• Regular season: 48.6 percent (118 2/3 innings)
  • ALDS: 47.7 percent (three innings, all in relief)
  • ALCS: 62.2 percent (10 innings total)
  • World Series: 60.9 percent (5 1/3 innings)

A back injury sidelined McCullers for much of the second half, and when he did pitch, he was pretty terrible. Fortunately for the Astros, it seems McCullers has been able to right the ship the last few times out. He looks strong and healthy. And very proud of his curveball.

Maeda was excellent in relief

Darvish bowing out in the second inning was a potential disaster for the Dodgers. Games 3-5 will played on three consecutive days, meaning Los Angeles was in position to tax their bullpen heading into Games 4 and 5. A dream scenario for the Astros and nightmare scenario for the Dodgers.

Enter Kenta Maeda. The regular season starter turned postseason setup man entered the game in the second inning, escaped Darvish's mess, and pitched into the fifth. His final line:

Kenta Maeda
DET • SP • #18
2017 World Series Game 3
IP2 2/3
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Maeda restored order and gave the offense a chance to get back in the game, which they weren't able to do because McCullers and Peacock were so good. Maeda threw 42 pitches in Game 3, which means he's unlikely to be available in Game 4, and he might not be available in Game 5 either. That's a problem. But, with the score only 4-1 at the time, you've got to do what you can to keep the score close. A three-run deficit is far from insurmountable. 

The Dodgers received strong work from Maeda to keep the game close, and they also spared some other relievers from pitching innings they'll need in Games 4 and 5.

Peacock came up huge in relief

It's no secret the Astros have had some bullpen problems this postseason. In fact, their best reliever thus far has been a starting pitcher: McCullers recorded that four-inning save in Game 7 of the ALCS.

There second best reliever this postseason: Peacock, another starting pitcher. He served as the middle reliever, setup man, and closer after McCullers with a 3 2/3 inning save, the first save of his career. Closer Ken Giles did warm up at one point, but Peacock was throwing so well that manager A.J. Hinch stuck with him.

Brad Peacock
KC • SP • #44
2017 World Series Game 3
IP3 2/3
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Houston is not going to win this series without getting better work from their bullpen. The Dodgers were drawing closer and closer in the middle innings and the Astros needed a stopper. Peacock, who threw 132 innings with a 3.00 ERA during the regular season, did the job in Game 3. What a huge performance.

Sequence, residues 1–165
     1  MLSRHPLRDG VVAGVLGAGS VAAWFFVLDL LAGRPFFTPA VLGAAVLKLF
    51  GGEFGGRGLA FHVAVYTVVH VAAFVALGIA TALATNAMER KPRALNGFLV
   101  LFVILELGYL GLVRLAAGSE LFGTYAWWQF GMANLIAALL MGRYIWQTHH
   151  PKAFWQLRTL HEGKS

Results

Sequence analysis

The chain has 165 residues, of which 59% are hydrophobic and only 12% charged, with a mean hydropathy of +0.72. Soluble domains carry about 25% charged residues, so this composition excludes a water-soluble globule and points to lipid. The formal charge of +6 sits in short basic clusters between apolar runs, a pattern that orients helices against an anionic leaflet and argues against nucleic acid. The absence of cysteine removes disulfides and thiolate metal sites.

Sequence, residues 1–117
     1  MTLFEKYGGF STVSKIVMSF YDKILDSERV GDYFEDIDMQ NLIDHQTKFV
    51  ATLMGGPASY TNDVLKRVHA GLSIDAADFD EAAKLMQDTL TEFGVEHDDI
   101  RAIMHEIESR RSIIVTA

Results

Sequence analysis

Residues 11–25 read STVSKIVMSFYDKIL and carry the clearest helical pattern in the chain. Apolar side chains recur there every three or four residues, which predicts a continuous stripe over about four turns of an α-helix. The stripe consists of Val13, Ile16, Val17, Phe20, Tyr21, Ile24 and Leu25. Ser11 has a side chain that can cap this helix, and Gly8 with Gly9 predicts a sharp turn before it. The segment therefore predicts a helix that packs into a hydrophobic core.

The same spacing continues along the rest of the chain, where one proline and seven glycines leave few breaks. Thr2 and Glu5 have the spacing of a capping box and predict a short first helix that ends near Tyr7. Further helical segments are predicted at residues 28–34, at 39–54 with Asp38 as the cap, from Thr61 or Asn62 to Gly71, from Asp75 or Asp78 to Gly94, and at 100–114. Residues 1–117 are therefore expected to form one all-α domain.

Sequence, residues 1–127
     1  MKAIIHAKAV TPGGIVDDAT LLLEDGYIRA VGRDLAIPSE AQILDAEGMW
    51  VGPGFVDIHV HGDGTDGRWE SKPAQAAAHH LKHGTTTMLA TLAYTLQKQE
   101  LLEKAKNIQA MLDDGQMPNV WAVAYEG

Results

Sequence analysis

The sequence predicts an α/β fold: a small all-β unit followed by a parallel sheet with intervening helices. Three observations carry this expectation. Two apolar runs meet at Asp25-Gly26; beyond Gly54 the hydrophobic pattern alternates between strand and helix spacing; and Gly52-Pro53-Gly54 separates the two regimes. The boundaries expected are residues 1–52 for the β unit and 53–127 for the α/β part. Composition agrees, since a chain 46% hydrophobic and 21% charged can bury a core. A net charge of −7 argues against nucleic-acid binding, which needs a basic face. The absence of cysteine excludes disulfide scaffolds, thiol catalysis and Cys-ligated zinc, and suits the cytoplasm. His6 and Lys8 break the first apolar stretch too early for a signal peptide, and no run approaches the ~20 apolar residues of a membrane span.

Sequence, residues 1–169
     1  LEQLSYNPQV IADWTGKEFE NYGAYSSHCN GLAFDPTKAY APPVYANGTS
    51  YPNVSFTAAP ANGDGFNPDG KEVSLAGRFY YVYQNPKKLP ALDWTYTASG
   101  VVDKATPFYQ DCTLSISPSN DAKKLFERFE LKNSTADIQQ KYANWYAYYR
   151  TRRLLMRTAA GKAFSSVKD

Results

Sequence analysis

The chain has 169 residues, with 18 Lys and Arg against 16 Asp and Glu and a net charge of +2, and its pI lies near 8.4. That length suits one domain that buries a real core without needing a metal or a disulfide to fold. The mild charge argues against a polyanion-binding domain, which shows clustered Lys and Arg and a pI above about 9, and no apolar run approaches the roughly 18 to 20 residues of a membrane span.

Bellinger looks completely lost

Bellinger, who set the NL rookie record with 39 home runs this season, went 0 for 4 with four strikeouts in Game 3. A Golden Sombrero. He was the only batter McCullers struck out, in fact. Here are the last five players to strike out four times in a nine-inning World Series game:

The good news? The last time a player struck out four times in a World Series game (Springer in Game 1), he hit the game-winning home run the next day and snapped out of his slump in a big way.

So far this postseason Bellinger is 10 for 47 (.213) with 19 strikeouts, which is quite bad. Slumps happen, and one is happening at a bad time for Bellinger. He's an important part of the Los Angeles offense and they need to get him going to come back from this 2-1 series deficit.

Another player went deep

With his second inning home run, Gurriel became already the 12th different player to hit a home run in the 2017 World Series. There have been 12 homers hit by 12 different players in the three games. The all-time record is 13 different players with a home run more than a half-century go.

So far the only non-pitchers not to go deep in the World Series are Bellinger, Gattis, McCann, Reddick, Austin Barnes, Carlos Beltran, Andre Ethier, Logan Forsythe, Yasmani Grandal, Enrique Hernandez, and Cameron Maybin.

The Astros have history on their side

According to, teams that taken a 2-1 lead in the World Series have gone on to win the series 66.7 percent of the time. It's 70.1 percent for all best-of-seven MLB postseason series. That history doesn't guarantee a Astros a World Series win, of course. It just goes to show how much taking a 2-1 series lead helps get a team closer to the ultimate goal.